Like a real-life Resident Evil, we even had guns!
Ever questioned your potential?
Wondered if you are capable of more?
The Krevokar Institute is now accepting applications for the world renowned Malum Programme. You have an appointment, don’t be late.
With a room description like that, we weren’t entirely certain what we were in for, but we were ready to sign up! The Krevokar Programme has two versions: Standard and Extreme. Though our successful escape from Zoe, and my (mildly) disturbing love of all Zombie films might suggest otherwise, I am a massive chicken and not overly fond of horror themes or live actors, so I was glad that only the standard version was available on the day we visited Dover.
We were instructed to arrive 15 minutes early, and we did, to the minute, whereupon we were warmly greeted by the entire contingent of staff. The waiting room was comfortable, although really only big enough for perhaps one, maybe two smaller groups, at a time, so I wouldn’t arrive much earlier than the suggested 15 minutes.
After a brief chat, that could quite easily have gone on for hours, the majority of the staff departed, and Gordon and I were left with Kym, our host. She delivered our mission briefing, and led us to the lab, where we were instructed that someone would be with us shortly. Of course, that was not the case, as the alarms sounded and we were plunged into darkness. It was now up to us to identify the infected and save the world!
The Krevokar Programme is closer to what I would call an immersive escape experience than traditional escape room, as your progress is driven forward by a strong narrative, with help from your agent on the outside, leaving you with an experience that feels more like a live-action video game than a room full of puzzles. Having experienced the standard version, I have a feeling you’ll feel exactly like you were dropped straight into a Resident Evil game if you opt for Krevokar Extreme instead.
I don’t like to rate a room on difficulty, simply because what’s simple and logical for one person, may not be for another. With that said, puzzles throughout The Krevokar Programme felt, to me, to be on the simpler side, though certainly not easy; in general, they just clicked with my brain, but they did take a bit of time to think them through. I suspect that if you book the extreme version they will seem less simple though – there’s just something about having someone or something else in the room with you that makes even something as easy as putting a key in a lock difficult. As it was, in the standard game, any bits where we did struggle, were generally down to search fails, which is about par for us.
In terms of the types of puzzles, there was the usual escape room mix of searching for keys or clues, logical deduction, deducing a few combinations for padlocks and combination key pads, and a few cool pieces of tech. What was nice about each puzzle though, was that each and every one was perfectly on theme, logical, and gave the experience a nice flow. There weren’t many puzzles in any given space, but a number of them required teamwork. As there were only two of us, this resulted in a rather linear game. Due to the room design, this will be true for any group, but with a larger team, there were definitely points where you could split up and quite easily divide and conquer.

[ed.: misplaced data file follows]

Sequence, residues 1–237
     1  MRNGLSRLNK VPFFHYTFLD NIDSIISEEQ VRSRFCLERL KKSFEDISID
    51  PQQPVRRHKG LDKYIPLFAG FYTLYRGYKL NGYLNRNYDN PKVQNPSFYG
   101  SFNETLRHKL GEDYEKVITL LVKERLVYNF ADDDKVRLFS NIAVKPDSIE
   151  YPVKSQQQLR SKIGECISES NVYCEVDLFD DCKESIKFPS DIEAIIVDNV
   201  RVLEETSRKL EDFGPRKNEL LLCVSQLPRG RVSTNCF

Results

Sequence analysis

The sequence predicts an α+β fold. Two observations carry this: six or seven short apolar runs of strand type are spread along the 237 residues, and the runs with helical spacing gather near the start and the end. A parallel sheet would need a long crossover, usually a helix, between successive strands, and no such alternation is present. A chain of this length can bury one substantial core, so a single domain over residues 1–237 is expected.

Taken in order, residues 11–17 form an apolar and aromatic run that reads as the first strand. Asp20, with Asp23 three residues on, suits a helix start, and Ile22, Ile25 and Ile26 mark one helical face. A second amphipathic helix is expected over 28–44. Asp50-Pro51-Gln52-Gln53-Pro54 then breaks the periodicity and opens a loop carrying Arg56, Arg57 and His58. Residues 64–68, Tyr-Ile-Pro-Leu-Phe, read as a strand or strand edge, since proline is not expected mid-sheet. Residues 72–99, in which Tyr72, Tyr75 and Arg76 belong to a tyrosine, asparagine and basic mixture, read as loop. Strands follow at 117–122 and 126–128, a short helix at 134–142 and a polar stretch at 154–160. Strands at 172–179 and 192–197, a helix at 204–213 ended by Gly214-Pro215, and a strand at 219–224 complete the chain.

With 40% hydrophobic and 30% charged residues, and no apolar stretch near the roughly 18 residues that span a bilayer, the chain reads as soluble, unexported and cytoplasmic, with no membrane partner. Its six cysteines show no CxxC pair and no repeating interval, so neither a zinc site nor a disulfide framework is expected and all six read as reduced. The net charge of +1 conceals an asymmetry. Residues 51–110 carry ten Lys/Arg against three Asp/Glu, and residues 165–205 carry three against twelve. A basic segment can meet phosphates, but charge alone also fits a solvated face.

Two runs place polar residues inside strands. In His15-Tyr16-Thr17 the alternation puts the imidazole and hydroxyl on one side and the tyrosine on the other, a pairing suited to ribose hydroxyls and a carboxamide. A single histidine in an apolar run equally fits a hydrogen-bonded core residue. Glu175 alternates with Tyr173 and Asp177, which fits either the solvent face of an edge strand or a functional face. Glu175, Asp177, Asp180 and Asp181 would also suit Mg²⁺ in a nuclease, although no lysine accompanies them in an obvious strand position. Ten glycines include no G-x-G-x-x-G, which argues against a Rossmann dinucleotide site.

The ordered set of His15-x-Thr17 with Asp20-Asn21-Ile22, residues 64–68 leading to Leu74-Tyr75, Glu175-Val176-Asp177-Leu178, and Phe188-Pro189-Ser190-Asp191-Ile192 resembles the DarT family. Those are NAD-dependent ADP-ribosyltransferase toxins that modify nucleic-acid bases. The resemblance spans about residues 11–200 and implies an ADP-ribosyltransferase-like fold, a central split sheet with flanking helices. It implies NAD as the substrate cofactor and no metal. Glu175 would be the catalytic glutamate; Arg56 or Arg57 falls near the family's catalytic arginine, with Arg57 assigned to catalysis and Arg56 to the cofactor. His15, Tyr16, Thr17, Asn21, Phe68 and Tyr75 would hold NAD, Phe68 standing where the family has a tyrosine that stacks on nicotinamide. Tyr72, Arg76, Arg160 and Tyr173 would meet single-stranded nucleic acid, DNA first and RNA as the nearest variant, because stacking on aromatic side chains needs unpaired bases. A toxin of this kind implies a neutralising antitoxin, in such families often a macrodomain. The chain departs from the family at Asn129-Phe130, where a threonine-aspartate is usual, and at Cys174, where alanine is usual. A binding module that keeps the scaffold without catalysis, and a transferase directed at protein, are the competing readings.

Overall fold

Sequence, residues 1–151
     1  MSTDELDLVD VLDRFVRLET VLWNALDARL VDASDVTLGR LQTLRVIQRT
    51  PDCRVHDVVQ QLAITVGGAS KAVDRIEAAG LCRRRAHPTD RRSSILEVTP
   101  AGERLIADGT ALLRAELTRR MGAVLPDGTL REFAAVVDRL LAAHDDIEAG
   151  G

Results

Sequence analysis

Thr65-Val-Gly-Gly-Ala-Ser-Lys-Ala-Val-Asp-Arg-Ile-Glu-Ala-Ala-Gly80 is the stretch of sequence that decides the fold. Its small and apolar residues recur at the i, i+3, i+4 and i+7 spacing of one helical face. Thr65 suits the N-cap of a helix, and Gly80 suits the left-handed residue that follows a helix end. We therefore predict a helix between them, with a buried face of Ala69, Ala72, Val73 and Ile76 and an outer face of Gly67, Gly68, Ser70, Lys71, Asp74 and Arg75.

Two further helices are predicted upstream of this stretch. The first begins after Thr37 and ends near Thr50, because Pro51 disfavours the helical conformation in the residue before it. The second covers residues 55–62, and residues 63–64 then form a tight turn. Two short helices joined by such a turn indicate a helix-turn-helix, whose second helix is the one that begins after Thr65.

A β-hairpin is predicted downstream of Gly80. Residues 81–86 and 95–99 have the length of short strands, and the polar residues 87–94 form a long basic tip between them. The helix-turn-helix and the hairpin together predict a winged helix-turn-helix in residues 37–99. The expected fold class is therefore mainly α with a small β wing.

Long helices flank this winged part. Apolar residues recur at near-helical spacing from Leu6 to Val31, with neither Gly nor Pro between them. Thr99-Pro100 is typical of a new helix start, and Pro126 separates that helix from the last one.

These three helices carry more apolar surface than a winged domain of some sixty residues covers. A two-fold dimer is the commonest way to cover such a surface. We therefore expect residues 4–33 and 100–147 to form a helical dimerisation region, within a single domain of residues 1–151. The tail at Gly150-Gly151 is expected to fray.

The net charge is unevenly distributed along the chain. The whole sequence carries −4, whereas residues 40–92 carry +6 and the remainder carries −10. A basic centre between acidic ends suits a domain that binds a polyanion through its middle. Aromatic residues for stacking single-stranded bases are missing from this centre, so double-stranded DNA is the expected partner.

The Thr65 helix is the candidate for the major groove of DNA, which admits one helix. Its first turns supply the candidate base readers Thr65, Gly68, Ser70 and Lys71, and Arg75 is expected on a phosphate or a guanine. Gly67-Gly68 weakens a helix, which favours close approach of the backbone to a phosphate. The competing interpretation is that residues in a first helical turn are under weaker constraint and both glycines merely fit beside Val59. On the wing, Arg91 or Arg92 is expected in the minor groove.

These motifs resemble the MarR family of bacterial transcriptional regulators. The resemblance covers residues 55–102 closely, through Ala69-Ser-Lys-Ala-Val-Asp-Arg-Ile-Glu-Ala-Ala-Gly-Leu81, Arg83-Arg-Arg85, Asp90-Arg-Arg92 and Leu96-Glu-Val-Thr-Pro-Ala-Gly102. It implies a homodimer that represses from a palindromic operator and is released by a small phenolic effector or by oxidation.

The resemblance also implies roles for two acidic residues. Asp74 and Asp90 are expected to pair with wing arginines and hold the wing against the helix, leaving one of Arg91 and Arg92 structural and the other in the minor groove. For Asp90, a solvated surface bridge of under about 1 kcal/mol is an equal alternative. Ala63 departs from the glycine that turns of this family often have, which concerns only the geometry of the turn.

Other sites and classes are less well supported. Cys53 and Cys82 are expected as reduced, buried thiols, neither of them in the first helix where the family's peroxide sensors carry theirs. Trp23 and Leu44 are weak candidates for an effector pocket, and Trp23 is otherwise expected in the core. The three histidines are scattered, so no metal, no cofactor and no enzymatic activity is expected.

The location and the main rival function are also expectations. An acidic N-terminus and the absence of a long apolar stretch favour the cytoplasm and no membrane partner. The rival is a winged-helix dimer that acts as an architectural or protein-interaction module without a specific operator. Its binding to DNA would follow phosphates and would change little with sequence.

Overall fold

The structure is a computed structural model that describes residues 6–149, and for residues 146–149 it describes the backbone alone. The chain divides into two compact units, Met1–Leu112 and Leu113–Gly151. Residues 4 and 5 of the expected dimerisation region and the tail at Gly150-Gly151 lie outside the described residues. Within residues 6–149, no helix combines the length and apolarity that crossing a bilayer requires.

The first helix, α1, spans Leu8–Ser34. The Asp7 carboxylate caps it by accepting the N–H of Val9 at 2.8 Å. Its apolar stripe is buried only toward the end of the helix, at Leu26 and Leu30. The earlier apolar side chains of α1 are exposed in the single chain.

Immersion started from the moment we walked through the door to Get Lost, as our GM, Kym, greeted us in character, and never broke once. From there, the immersion in the world continues with eerie noises, some “mood” lighting, and of course, a few jump scares. Even in the standard game play mode, there are a few moments that help to heighten the sense of danger, and impress upon you a sense of urgency, and, yes, even elicited a small jump and/or scream or two from me.
In terms of design, it’s a lab, which, lets face it, is relatively simple as far as aesthetics go (after all, it’s mostly just white paint), but there was a nice flow from space to space, with a creepy atmosphere, and a few really neat custom props/puzzles, plus a few moments of surprise as the space was revealed in ways I just wasn’t expecting
Clues and nudges were delivered via walkie talkie, which suited the theme well. The nice bit about this though, was that you didn’t need to use the walkie to ask for them. The fact that you are monitored throughout the game has actually been worked into the story, which allows your GM to become an integral part of your team, giving you nudges and exposition as and when required.
This is where a GM can really either make or break your experience, and Kym certainly helped to make it. In games we have played elsewhere where the GM is meant to be a character, perhaps another agent, etc., it’s almost jarring when they switch to another persona. This was not the case here, as we were greeted in character. This very simple thing adds an extra element for me to any escape room, and Kym’s sardonic comments throughout the game as she pointed out our moments of idiocy or lack of observation, brought an aspect of humour to the game.
As Gordon has been known to say, I will jump at a “duck fart,” and while I did jump at loud noises, the game we played was not overly terrifying, at least in my opinion. There were enough moments to really get your adrenaline moving, and fill you with a sense of urgency (if you’re naturally jumpy like me), but if you’re expecting to wet your pants in terror, this version isn’t that; if you’d prefer that, perhaps look at booking the Extreme version, but as it stands, the standard version of The Krevokar Programme is an excellent escape experience with a horror theme, which I would definitely recommend.
Team: 2 players (escaped in around 42mins)
Address: 143 Snargate St, Dover CT17 9BZ